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article imageWolf problem addressed in Symposium Oregon

By Jason Smith     May 21, 2010 in Environment
Wolves have been a hot topic for many ranchers in Eastern Oregon for the past year. Just last spring, a Baker County rancher's calves were killed by wolves. A symposium is being held this Saturday in La Grande to address the issue.
As reported by The Baker City Herald, the symposium's objective is to assess what can be expected from the expansion of the wolf population. The symposium is free to the public and is scheduled from 1p.m. to 4p.m. at Badgley Hall at Eastern Oregon University.
In 2009, The Oregonian reported that federal hunters had been dispatched to hunt down wolves that had killed more than two dozen head of livestock on Eastern Oregon ranches. This, in addition to wolf hunts in both Idaho and Montana, had sparked a considerable amount of controversy among conservation, ranching, and farming groups.
Although efforts by the state to use nonlethal tactics to deter the wolves were initially successful, new attacks in August of 2009 led to the state issuing permits to kill the wolves. Conservation groups opposed this decision. The Oregon Cattleman Association, however, applauded this action.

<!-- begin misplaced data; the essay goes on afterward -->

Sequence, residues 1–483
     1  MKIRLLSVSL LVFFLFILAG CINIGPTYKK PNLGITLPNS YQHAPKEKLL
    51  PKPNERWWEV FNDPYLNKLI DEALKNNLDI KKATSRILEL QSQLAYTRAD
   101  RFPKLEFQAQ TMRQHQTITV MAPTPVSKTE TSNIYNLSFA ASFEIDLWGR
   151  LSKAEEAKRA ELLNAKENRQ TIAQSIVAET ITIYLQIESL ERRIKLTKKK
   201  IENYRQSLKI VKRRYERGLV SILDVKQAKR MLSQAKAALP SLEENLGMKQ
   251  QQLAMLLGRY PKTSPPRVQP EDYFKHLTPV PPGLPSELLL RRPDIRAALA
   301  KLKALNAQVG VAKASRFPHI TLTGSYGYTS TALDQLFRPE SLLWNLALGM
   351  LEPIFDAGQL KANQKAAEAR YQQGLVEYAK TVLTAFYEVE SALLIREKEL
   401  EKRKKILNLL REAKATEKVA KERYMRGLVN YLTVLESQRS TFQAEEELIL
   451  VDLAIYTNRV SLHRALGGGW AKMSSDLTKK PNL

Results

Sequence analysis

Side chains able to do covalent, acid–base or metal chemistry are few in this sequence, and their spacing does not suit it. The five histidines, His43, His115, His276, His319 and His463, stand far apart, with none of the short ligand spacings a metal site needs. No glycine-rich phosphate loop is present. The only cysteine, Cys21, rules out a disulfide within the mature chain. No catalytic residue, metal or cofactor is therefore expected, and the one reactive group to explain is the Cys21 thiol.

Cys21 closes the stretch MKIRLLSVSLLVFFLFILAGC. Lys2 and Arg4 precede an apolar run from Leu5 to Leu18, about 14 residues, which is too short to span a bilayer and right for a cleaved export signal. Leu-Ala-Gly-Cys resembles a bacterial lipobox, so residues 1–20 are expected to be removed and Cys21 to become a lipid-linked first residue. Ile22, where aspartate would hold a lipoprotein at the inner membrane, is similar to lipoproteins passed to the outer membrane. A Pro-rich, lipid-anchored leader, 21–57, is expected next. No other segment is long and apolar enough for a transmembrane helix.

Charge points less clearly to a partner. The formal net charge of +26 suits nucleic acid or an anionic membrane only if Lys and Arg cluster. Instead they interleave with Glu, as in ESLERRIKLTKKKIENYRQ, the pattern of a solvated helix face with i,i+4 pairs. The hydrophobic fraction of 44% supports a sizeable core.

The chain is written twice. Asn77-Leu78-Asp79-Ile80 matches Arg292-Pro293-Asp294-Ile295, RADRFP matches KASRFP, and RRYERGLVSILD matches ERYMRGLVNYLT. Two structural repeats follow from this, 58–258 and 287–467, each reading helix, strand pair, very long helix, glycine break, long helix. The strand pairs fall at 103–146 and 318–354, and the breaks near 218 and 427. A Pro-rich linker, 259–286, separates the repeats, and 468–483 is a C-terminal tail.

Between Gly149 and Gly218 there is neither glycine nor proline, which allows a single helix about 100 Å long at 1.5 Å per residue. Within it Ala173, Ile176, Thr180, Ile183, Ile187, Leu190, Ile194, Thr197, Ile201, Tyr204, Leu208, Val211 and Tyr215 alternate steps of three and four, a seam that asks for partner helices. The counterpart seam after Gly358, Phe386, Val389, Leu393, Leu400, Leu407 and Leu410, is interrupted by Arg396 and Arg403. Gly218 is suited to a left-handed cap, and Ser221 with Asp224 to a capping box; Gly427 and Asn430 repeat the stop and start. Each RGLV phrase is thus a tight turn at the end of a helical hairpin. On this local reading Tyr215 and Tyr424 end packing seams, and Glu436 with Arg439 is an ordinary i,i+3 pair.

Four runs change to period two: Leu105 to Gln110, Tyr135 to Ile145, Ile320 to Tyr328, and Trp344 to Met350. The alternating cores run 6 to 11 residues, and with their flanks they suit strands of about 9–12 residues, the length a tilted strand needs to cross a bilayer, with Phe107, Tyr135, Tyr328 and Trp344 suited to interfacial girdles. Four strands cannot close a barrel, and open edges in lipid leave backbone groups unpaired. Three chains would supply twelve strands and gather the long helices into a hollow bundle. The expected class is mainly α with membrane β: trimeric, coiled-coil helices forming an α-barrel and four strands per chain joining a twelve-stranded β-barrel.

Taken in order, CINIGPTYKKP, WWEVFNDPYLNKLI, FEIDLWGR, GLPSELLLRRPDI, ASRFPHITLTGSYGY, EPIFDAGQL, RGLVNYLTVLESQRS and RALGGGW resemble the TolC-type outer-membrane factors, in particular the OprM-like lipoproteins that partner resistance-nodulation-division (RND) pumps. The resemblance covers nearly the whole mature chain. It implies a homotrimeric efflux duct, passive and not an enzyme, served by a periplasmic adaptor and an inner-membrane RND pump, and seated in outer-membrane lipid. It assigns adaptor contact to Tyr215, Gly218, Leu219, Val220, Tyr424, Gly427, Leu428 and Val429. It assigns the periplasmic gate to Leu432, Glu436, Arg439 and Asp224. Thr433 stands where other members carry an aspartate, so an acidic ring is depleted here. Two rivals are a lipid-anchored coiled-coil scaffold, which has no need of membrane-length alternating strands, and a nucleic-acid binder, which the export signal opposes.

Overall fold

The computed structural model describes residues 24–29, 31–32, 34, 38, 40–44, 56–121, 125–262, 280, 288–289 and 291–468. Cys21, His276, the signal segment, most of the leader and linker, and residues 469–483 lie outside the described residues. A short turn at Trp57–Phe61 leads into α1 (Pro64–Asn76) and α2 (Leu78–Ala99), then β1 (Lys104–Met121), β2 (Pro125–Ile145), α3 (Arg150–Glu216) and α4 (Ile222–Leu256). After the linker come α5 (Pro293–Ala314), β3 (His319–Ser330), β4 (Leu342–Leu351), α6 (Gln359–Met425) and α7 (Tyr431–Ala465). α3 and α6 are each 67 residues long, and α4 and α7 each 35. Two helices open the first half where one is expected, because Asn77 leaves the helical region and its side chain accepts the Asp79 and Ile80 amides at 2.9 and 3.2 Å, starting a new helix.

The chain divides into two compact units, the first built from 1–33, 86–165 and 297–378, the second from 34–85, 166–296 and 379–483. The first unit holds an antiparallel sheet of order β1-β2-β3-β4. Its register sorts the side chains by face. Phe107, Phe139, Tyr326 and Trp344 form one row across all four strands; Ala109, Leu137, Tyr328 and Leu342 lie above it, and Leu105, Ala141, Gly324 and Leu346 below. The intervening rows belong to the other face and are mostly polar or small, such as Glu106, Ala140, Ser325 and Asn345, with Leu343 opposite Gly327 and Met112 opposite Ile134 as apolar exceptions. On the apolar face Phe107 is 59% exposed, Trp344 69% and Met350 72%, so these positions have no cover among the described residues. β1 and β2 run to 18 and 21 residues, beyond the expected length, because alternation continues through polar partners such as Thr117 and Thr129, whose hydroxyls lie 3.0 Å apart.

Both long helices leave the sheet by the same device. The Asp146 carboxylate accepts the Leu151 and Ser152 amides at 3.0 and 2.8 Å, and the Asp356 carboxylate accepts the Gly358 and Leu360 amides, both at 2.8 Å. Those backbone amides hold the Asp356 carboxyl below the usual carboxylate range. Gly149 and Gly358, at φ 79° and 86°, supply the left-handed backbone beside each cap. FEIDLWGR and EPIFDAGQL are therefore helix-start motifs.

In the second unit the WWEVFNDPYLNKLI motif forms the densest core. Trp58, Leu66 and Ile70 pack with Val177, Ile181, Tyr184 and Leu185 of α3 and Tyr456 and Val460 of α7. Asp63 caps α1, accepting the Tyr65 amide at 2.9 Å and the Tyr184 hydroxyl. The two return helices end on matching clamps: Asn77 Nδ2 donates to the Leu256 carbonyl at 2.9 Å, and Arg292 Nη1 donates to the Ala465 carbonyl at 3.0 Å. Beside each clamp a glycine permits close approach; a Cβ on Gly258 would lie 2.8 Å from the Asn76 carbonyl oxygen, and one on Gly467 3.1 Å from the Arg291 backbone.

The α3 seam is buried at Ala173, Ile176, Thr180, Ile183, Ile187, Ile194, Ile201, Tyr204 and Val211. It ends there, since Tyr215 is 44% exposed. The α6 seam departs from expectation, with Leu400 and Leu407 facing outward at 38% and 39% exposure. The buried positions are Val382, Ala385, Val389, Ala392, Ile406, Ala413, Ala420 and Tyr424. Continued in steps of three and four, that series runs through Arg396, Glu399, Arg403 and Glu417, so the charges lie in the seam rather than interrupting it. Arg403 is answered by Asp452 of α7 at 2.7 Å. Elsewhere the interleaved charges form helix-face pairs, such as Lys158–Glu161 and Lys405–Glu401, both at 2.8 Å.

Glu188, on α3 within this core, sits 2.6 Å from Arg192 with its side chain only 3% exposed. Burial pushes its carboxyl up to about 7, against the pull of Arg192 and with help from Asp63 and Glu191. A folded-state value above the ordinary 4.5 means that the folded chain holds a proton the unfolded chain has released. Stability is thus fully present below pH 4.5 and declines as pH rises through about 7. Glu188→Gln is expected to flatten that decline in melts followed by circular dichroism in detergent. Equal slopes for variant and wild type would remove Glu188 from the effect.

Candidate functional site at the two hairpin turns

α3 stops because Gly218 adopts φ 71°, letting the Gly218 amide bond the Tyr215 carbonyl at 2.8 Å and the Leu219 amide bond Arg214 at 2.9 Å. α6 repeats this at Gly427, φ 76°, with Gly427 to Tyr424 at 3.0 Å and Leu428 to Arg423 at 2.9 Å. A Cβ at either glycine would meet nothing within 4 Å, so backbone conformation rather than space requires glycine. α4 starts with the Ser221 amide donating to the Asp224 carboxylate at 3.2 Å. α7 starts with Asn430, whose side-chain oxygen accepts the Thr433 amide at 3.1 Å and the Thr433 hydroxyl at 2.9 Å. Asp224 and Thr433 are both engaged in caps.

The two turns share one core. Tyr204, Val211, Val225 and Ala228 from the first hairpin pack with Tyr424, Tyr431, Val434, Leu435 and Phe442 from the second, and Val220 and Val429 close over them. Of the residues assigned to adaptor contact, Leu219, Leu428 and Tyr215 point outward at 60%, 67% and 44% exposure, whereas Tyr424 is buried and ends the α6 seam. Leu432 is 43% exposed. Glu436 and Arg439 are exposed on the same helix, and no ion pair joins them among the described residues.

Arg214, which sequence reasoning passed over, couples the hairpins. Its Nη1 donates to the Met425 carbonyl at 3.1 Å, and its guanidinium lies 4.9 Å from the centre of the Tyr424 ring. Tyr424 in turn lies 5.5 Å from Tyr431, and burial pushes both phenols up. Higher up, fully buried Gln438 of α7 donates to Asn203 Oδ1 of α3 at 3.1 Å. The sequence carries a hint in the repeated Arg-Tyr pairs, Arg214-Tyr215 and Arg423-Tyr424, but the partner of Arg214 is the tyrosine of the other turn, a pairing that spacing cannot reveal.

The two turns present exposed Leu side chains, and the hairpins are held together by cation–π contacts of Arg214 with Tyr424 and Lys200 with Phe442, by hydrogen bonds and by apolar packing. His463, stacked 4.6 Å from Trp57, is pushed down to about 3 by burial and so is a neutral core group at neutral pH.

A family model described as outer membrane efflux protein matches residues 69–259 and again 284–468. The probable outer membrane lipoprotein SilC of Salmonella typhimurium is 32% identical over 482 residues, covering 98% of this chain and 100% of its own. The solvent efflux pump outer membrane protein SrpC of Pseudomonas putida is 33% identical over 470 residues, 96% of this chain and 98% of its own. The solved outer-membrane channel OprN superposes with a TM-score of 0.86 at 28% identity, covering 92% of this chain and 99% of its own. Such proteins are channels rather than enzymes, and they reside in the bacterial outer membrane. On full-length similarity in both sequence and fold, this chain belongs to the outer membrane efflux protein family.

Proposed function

The keynote speaker at the symposium will be Jim Beers, who is the former chief of national wildlife refuge operations for the U.S. fish and Wildlife services. He has also written and spoken about the federal wolf program and how it affects rural areas such as Eastern Oregon. Casey Anderson, an Idaho rancher, will address wolf interaction with livestock.
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